The social sensitivity is the ability of an individual to identify, perceive and understand the signs and contexts in social interactions. It means to what extent he understands the feelings and thoughts of others and to what extent he is familiar with the general knowledge of social norms.
Through the application of the concept of social sensitivity, people are able to know the feelings of the other. The fundamental principle of social sensitivity lies in the broad knowledge of social norms.
Social sensitivity is usually represented with hands as a symbol of union and colors as a symbol of plurality
For example, a person with social sensitivity understands the signs of conversation and stops talking in order to listen to the other. The opposite would be an individual who only speaks of himself, interrupts or talks about others, ignoring the social signals to stop talking.
Social sensitivity has become a part of social intelligence and shares some similar characteristics. It is considered an important social skill, because it plays a prominent role in group performance.
Research shows that social sensitivity in a group correlates closely with the level of collective intelligence, which is defined as a general ability of the group (not just a group member) to perform a wide range of tasks. In other words, if people are socially sensitive in a group, they perform well collectively at work.
Characteristics of people with social sensitivity
- They have a great imagination (they are creative).
- They are perceptive of the feelings of others.
- They are good listeners and tend to be warm and careful in their relationships.
- They are good at dealing with social relationships and adapting well in social situations.
- They accept people for what they are, with their differences.
- They have an extensive knowledge of social rules and norms.
- They express deep concern about the adequacy of their behavior and the behavior of others.
- They work with a lot of passion.
- They are aware and compassionate.
- They are intuitive, careful and spiritual.
- Have deep and intense sensations.
- They respect and enjoy nature, art and music.
- They are goals and can see beyond what others see.
- They take responsibility for social problems.
- They are interested in world affairs.
- They seek to improve the mood of others.
On the other hand, as a characteristic in work groups, socially sensitive people tend to open up new ideas, perceive correctly and respond to the needs of team members, creating a positive environment to produce new ideas, question work and share responsibilities.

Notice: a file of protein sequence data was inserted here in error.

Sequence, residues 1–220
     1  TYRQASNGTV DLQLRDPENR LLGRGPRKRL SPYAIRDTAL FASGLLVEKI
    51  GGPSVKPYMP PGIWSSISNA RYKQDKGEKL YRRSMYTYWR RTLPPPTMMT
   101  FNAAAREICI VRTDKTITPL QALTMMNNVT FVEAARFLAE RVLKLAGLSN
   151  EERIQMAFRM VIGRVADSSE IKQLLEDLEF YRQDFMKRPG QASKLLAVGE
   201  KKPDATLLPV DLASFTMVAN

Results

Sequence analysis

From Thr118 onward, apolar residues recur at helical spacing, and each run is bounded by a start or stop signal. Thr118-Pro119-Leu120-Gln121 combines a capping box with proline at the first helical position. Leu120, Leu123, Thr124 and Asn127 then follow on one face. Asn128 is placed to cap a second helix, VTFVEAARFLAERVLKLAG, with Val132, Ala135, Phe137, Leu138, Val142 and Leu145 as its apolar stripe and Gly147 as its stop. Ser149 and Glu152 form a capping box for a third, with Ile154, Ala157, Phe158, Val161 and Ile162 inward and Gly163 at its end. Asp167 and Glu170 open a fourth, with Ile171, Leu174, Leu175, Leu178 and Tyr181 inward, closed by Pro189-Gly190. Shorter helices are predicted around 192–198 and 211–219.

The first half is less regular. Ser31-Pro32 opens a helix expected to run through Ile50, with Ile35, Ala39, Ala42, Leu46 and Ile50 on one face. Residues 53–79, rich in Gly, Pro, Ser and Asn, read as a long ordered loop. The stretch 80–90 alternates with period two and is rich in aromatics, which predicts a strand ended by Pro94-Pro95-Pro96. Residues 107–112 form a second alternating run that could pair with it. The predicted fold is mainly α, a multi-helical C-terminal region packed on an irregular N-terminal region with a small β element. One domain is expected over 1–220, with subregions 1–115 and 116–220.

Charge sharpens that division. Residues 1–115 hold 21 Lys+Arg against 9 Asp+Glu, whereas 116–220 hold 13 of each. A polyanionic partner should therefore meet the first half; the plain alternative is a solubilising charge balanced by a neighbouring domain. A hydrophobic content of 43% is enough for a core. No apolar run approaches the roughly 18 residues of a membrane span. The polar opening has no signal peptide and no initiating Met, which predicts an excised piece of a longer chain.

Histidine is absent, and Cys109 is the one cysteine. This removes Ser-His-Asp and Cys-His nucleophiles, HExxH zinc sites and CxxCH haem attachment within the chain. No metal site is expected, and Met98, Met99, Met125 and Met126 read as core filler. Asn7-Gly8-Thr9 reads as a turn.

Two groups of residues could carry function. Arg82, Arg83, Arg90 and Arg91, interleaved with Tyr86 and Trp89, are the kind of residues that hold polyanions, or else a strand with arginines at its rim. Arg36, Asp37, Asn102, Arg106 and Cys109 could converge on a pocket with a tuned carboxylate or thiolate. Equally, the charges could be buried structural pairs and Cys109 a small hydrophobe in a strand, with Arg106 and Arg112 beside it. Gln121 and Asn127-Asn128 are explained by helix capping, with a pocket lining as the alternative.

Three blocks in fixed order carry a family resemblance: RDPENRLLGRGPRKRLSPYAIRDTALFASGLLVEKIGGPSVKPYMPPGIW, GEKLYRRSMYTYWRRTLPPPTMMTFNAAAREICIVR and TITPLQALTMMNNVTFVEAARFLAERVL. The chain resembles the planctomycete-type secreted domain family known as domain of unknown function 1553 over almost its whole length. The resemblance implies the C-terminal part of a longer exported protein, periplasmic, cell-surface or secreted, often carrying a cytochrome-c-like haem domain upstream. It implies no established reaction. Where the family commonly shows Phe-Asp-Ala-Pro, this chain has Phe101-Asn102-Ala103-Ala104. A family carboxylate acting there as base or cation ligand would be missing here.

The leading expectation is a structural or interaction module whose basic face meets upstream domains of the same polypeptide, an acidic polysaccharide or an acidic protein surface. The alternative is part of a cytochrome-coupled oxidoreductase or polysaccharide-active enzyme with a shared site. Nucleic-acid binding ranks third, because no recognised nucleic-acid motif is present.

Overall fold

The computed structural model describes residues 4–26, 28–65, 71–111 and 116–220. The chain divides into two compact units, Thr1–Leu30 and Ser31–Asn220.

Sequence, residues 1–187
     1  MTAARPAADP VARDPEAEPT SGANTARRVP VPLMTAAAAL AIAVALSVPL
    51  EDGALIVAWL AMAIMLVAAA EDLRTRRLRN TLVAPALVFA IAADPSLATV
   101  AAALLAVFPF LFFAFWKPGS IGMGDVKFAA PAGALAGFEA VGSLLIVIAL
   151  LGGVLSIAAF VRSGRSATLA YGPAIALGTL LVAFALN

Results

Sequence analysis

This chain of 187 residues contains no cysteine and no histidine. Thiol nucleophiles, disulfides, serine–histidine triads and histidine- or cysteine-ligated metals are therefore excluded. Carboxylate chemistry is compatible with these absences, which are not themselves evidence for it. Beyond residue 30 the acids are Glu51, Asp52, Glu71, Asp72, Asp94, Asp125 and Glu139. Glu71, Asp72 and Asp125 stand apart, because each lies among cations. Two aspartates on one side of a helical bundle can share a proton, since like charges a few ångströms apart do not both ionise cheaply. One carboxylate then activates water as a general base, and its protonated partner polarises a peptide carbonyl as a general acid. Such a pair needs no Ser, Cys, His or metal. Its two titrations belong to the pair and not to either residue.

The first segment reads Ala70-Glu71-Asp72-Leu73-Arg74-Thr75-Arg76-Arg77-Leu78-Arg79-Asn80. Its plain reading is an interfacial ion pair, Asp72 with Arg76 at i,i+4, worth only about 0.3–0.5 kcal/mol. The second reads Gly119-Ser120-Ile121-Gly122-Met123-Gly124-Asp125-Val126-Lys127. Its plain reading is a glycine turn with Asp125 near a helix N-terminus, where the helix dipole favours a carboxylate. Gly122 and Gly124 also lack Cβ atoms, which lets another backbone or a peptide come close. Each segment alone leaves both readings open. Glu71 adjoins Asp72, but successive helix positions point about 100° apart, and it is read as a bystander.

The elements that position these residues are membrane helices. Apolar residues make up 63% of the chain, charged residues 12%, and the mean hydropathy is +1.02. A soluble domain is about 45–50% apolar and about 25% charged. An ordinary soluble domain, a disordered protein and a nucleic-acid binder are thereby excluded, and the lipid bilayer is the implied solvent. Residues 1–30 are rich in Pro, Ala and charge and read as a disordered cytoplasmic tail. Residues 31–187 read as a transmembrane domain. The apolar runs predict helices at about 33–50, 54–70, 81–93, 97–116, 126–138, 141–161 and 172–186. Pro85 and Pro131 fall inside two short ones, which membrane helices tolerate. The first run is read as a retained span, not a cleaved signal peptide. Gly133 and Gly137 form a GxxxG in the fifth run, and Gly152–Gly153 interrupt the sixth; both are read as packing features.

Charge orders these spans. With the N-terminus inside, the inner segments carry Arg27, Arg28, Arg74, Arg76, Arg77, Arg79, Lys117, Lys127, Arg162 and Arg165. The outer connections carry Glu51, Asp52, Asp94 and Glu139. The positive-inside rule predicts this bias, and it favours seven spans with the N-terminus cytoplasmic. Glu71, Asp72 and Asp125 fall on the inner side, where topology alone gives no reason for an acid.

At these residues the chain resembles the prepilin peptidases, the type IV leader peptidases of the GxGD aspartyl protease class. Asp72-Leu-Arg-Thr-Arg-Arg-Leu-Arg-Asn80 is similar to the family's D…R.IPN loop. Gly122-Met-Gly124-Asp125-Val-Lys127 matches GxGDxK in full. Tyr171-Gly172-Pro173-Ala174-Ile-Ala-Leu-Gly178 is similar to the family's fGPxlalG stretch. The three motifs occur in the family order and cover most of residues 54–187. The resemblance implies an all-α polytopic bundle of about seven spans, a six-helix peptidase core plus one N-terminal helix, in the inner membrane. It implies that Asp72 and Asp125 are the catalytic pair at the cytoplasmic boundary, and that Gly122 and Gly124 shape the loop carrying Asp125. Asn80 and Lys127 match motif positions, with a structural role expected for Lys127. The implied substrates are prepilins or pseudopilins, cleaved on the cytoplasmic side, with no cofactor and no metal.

Ways to handle socially sensitive skills
According to Survival Guide for the highly sensitive person (The Highly Sensitive Person’s Survival Guide) by Elaine Aaron, people with social sensitivity must develop the ability to manage their skills. Here are the reasons.
- Emotionally, highly sensitive individuals are easily stimulated to a point where they can experience great pain or great joy. They may have the combination of an introvert and an extrovert, because in their personality traits they need themselves to focus, but they also like to connect with other people and their environment.
- Highly sensitive people need time and space to be alone to process what they absorb. When it comes to feelings, they may have low tolerance for noise or anything too strong, so it is convenient for them to connect with nature and to do regular exercise, relaxation, meditation and other activities that go with their nature to calm down after the on stimulation.
- In addition, they have to learn to find a balance to give and receive love. It is important to realize that self-sacrifice that leads to emotional deprivation is not healthy.
- And last but not least, these individuals have to find meaning in their life. All humanity desires, but these people this is a real need. Their deepest desire is to help others to be happy, and they can use their skills to draw their creative side and make this world a better place for everyone, even from a small step.
Social sensitivity studies
- According to Baldwin M. Camino (2010), genes that affect brain function can influence the adoption and formation of cultural norms and, in turn, culture can also shape expression and gene selection.
- According to studies by Casper (2002) and Kim-Cohen (2006), in the interaction between genes and the environment, it was observed that exposure to abuse or other ill-treatment during childhood significantly increases the probability of engaging in antisocial behaviors in adulthood.
- According to Fiske (1998), in collectivist cultures, relationships are enduring because of the social bonds that are materialized by mutual obligations between family members, clan, or religion. These relationships are so outstanding that the self is defined by them.
- Adams and Plait (2003) assert in their study that in individualistic cultures, where there is a high degree of focus on personal autonomy, individual needs often replace the needs of the group. Therefore, relationships are more transient, which may lead to the perception that the individual is not a part of a social network.
- According to Yamaguchi’s (1994) research, a greater sensitivity to rejection signals and a greater concern about the consequences of rejection could lead to the subjection of interest to the internal group, a hallmark of collectivism. This can encourage the reification of social relationships in order to reduce the risk of losing their own social network.